Tuesday, April 6, 2010

# 48 - Yoga Confusables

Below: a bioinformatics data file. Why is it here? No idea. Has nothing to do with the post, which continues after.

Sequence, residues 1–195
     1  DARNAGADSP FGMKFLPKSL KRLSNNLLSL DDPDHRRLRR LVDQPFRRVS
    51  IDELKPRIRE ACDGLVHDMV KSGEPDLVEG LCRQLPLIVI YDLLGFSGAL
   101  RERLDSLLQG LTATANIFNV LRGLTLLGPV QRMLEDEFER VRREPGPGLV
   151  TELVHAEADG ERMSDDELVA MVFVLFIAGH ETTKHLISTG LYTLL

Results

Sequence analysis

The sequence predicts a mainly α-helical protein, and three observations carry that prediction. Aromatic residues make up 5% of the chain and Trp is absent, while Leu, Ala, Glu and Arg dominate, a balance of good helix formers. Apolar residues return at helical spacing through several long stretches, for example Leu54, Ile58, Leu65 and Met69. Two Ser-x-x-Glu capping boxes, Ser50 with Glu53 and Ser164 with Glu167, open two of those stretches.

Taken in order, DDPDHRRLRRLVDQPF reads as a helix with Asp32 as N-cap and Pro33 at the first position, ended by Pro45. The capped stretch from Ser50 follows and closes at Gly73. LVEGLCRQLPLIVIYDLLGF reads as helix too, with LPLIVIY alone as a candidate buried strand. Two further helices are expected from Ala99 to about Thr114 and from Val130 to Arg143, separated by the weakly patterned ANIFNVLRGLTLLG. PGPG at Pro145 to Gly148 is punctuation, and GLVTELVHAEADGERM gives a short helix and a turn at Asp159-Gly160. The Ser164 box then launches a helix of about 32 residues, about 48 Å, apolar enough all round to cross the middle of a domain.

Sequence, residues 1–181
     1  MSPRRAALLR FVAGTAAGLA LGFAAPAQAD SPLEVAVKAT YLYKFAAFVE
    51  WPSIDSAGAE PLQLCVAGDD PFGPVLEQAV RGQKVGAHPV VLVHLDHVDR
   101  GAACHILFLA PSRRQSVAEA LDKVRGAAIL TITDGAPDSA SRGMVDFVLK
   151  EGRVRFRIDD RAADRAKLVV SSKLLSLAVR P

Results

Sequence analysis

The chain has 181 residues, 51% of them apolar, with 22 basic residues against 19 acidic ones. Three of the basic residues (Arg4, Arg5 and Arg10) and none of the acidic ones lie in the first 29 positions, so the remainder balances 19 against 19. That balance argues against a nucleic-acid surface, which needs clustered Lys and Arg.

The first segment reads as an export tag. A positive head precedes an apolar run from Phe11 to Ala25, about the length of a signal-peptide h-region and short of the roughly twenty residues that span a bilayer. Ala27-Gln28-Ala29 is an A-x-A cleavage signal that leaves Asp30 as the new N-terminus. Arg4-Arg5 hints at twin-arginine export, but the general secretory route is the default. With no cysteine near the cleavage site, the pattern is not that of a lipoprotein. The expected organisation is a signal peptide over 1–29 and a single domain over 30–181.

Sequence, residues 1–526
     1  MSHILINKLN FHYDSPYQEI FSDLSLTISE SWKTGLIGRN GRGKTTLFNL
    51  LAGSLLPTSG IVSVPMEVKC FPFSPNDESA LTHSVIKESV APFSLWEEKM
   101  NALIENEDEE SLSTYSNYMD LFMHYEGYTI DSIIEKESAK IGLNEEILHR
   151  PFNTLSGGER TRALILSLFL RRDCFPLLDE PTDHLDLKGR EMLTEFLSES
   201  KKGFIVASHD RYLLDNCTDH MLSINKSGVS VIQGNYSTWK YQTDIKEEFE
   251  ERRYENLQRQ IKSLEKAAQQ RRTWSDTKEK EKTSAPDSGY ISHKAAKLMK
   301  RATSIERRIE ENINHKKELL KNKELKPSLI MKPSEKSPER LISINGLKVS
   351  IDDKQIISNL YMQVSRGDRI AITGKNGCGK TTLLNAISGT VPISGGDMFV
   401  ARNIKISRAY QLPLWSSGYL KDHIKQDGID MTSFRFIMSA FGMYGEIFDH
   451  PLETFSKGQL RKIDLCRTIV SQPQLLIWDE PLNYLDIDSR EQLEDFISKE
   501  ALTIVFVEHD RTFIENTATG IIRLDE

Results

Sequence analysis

Although languages are logical, many Sanskrit words used in yoga postures tend to be confusing. Latin being an acknowledged derivative of Sanskrit, root words in both these language sound similar to one another (and therefore to English). So an easy way to remember names of postures is to recall core words every now and then. For instance, hasta is hand, and uttana means up (hasta uttana = hands-raised); pada is foot (so pada hasta = hands to feet); tri is three and kona is corner (trikona = triangle); vira is brave (hence virabhadra = brave warrior); ardha means half, while chandra refers to the moon (so ardha chandra = half moon); supta is supine, and vajra or vaira means diamond (supta vajra = supine diamond); maha is great, and mudra means gesture (so maha mudra = grand gesture); paripoorna is very full, (and pari poornanava = full boat); ashta is eight and anga is limb (ashtanga namaskara = eight-limbed salutation); finally, bandha means connection or that which binds (hence sethu bandha = bridge).

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